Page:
Credit Card Processing 101 – 5 simple steps you can do to reduce your credit card processing fees, starting today
By Andrew Moran, CPP
“Credit or debit?”
Far too often when I go to a retail location that accepts debit cards, I hear “credit or debit?” While it seems like a natural enough question, it’s a clear indication that the person asking the question has not been given a proper explanation of how these two options vary.
With few exceptions, a card that draws from a checking account can be run as either as “credit” (or more accurately, signature debit) or PIN debit.
- If you run the card as signature debit, the transaction goes over the Visa or MasterCard network, and the cardholder signs the receipt.
- If you use PIN debit, the cardholder enters their PIN number, and the sale goes over the Debit network. These networks are represented by the icons on the back of the card – STAR, Pulse, Interlink, NYCE, Accel, Maestro, etc.
Typically the PIN debit network rate is going to have a higher per item fee, but take a lower percentage of the total dollar sale. For instance, on a PIN debit sale you may pay a total fee of .05% and $.42. A signature debit takes a lower per item fee, but a higher percentage off the dollar amount. For example, 1.19% and $.20.
Therefore, on a smaller ticket sale, you’re better off taking the transaction as signature debit due to the lower item fee. On a larger dollar transaction, you’re better of on PIN debit due to the lower percentage netted off the dollar amount.
Therefore, the key is to determine where this “break even” point is on your rate structure. Below that dollar amount, simply run the sale as signature debit. Above that dollar amount, train your staff to ask “can I run this as debit?”
Based on the example above, any sale over $20 or above is going to be less expensive on PIN debit:
PIN Debit: ($20 x .05%) + $.42 = $.43 total processing fee
Signature Debit: ($20 x 1.19%) + $.20 = $.44 total processing fee
And as the dollar amount increases, the savings increases. For example, on a $200 transaction:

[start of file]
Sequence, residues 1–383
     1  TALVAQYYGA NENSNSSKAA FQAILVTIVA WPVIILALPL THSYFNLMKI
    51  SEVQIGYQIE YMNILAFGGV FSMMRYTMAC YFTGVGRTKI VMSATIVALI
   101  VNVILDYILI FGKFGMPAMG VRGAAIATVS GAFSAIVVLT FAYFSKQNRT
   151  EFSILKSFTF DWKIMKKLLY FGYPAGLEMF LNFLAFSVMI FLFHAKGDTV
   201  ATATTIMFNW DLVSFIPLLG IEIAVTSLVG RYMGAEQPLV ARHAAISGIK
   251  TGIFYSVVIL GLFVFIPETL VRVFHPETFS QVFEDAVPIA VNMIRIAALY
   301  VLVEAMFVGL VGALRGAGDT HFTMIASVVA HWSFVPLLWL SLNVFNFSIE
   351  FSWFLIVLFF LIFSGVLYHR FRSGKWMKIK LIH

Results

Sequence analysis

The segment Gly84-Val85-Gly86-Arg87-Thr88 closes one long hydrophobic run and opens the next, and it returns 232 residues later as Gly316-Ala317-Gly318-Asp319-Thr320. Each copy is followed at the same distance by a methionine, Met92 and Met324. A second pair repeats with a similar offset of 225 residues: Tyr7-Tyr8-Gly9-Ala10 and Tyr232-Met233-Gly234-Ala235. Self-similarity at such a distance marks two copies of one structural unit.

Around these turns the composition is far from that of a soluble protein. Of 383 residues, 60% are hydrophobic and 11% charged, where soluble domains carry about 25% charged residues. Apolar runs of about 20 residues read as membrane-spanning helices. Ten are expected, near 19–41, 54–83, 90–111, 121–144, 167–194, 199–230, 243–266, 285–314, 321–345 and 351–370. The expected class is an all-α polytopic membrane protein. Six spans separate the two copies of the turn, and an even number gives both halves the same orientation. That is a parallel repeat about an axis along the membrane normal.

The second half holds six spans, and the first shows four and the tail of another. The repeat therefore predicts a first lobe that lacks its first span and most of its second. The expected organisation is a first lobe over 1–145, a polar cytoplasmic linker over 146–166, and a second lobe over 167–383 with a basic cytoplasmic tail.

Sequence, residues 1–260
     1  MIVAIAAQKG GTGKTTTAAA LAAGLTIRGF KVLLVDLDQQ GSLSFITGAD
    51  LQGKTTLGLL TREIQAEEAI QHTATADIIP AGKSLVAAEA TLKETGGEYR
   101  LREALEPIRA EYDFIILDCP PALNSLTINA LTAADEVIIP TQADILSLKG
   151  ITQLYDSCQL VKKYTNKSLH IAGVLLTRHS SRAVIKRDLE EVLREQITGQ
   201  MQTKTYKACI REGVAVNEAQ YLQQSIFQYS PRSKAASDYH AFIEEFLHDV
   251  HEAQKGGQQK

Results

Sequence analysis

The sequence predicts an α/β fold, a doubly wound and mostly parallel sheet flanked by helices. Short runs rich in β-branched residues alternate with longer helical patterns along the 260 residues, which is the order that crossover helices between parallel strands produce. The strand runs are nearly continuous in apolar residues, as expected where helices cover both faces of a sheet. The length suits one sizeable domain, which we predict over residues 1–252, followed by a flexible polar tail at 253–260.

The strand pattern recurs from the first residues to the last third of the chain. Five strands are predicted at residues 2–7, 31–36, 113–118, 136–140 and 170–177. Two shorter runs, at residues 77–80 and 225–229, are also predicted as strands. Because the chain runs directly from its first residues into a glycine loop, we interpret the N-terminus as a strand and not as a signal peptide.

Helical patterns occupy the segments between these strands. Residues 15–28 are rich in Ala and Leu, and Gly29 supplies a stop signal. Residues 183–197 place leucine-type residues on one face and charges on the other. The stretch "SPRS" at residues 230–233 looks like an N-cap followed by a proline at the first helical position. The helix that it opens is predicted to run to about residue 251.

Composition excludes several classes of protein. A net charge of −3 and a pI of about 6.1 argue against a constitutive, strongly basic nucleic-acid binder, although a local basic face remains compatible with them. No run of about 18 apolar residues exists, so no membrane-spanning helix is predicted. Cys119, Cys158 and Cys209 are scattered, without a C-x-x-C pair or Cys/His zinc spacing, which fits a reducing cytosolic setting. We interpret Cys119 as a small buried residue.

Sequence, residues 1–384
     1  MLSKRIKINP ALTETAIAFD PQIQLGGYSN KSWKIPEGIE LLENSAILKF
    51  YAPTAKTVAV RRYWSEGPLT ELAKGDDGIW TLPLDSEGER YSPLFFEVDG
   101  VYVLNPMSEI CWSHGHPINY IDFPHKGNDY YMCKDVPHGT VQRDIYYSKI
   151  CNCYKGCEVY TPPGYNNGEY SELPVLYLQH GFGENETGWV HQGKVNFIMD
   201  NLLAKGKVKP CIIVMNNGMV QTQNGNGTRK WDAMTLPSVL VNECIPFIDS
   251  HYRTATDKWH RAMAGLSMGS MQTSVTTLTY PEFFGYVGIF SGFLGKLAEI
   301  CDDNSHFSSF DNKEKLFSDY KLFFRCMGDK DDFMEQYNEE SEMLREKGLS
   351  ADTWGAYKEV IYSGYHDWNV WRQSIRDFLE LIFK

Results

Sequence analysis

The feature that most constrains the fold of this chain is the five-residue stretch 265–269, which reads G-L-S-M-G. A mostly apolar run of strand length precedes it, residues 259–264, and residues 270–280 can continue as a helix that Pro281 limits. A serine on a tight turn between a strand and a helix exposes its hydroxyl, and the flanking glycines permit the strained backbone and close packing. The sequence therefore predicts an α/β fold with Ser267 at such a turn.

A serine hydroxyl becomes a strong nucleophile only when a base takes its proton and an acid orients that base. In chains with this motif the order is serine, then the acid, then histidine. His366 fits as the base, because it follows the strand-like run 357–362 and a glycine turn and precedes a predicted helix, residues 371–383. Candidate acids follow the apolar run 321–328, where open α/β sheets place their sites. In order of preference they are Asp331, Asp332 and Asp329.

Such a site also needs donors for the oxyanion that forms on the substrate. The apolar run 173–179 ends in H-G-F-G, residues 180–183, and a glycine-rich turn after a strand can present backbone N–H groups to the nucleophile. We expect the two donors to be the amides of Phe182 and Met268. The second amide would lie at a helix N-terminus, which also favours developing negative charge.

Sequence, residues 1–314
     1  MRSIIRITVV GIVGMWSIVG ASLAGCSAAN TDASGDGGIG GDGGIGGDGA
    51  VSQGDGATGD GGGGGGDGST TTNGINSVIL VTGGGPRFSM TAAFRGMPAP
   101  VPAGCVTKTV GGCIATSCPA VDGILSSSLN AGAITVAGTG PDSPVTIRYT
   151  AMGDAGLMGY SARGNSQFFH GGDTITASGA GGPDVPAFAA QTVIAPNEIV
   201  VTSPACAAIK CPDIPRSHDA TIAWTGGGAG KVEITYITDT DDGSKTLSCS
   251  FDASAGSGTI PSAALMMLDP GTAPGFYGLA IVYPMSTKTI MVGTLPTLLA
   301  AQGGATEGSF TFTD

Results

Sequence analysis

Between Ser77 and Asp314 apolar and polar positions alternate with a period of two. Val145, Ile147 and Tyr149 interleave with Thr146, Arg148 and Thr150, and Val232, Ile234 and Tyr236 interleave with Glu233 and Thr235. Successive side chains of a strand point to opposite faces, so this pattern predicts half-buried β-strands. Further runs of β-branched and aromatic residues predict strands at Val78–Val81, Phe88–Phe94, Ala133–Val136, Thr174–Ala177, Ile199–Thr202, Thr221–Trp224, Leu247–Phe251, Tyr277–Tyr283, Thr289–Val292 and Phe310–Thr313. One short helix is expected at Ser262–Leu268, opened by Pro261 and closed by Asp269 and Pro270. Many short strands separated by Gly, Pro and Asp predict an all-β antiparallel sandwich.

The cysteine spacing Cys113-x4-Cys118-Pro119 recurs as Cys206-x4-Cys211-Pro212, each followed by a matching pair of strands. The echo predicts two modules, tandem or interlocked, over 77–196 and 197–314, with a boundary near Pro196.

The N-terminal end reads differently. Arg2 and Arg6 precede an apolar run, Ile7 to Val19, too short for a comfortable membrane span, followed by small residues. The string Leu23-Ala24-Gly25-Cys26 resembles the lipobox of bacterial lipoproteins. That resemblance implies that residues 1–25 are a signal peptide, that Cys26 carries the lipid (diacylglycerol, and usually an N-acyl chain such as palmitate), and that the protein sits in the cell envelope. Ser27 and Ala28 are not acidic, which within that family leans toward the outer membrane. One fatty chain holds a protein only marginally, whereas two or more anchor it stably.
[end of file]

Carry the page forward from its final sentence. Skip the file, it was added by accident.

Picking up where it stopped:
PIN Debit: ($200 x .05%) + $.42 = $.52 total processing fee!!
Signature Debit: ($200 x 1.19%) + $.20 = $2.58 total processing fee!!
Also, if fraud is suspected, using PIN debit is always a good idea. A PIN debit transaction is nearly impossible to dispute. And if someone steals or finds a credit card number, they’ll still never know the PIN number.
AVS info on keyed sales
As a consumer, we all know that when fill out a credit card payment form online, there is always a field that asks for the billing address for the card. But when we give a card over the phone, sometimes we’re asked for a billing zip code and sometimes we are not. Have you ever wondered why? Merchants in the know will always get the billing address on the card. Here is why.
The AVS (Address Verification Service) check is a service that matches the billing address the issuing bank has on file with the address provided by the cardholder at the time of the sale. Your terminal should prompt for this information – if it does not, then this is an issue right off the bat. And while many terminals let you bypass this field and will still allow the transaction to process, by doing so you get a hidden surcharge usually of about half a percent ($.50 on a $100 sale). In processing terms this is called a “downgraded” transaction type; unless you really understand your statement, you’ll never know you’re paying these additional fees.